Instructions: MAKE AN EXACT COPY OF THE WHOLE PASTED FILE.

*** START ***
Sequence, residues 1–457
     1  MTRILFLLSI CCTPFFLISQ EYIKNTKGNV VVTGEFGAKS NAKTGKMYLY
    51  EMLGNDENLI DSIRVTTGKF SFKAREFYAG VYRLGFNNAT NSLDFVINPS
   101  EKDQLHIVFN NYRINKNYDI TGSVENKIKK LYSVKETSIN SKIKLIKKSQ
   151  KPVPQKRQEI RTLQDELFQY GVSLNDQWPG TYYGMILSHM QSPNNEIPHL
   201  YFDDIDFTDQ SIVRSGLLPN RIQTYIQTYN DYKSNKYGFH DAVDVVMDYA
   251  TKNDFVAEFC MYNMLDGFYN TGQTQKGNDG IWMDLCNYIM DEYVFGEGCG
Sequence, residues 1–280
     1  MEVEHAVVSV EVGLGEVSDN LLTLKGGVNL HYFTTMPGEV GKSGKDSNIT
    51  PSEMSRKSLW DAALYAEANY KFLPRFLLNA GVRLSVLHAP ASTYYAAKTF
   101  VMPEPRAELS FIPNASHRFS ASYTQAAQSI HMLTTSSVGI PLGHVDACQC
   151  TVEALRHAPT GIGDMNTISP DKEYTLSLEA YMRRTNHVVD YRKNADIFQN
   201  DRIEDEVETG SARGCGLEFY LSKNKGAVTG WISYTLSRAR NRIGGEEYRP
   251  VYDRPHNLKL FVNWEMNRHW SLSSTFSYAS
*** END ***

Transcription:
Sequence, residues 1–457
     1  MTRILFLLSI CCTPFFLISQ EYIKNTKGNV VVTGEFGAKS NAKTGKMYLY
    51  EMLGNDENLI DSIRVTTGKF SFKAREFYAG VYRLGFNNAT NSLDFVINPS
   101  EKDQLHIVFN NYRINKNYDI TGSVENKIKK LYSVKETSIN SKIKLIKKSQ
   151  KPVPQKRQEI RTLQDELFQY GVSLNDQWPG TYYGMILSHM QSPNNEIPHL
   201  YFDDIDFTDQ SIVRSGLLPN RIQTYIQTYN DYKSNKYGFH DAVDVVMDYA
   251  TKNDFVAEFC MYNMLDGFYN TGQTQKGNDG IWMDLCNYIM DEYVFGEGCG
Sequence, residues 1–280
     1  MEVEHAVVSV EVGLGEVSDN LLTLKGGVNL HYFTTMPGEV GKSGKDSNIT
    51  PSEMSRKSLW DAALYAEANY KFLPRFLLNA GVRLSVLHAP ASTYYAAKTF
   101  VMPEPRAELS FIPNASHRFS ASYTQAAQSI HMLTTSSVGI PLGHVDACQC
   151  TVEALRHAPT GIGDMNTISP DKEYTLSLEA YMRRTNHVVD YRKNADIFQN
   201  DRIEDEVETG SARGCGLEFY LSKNKGAVTG WISYTLSRAR NRIGGEEYRP
   251  VYDRPHNLKL FVNWEMNRHW SLSSTFSYAS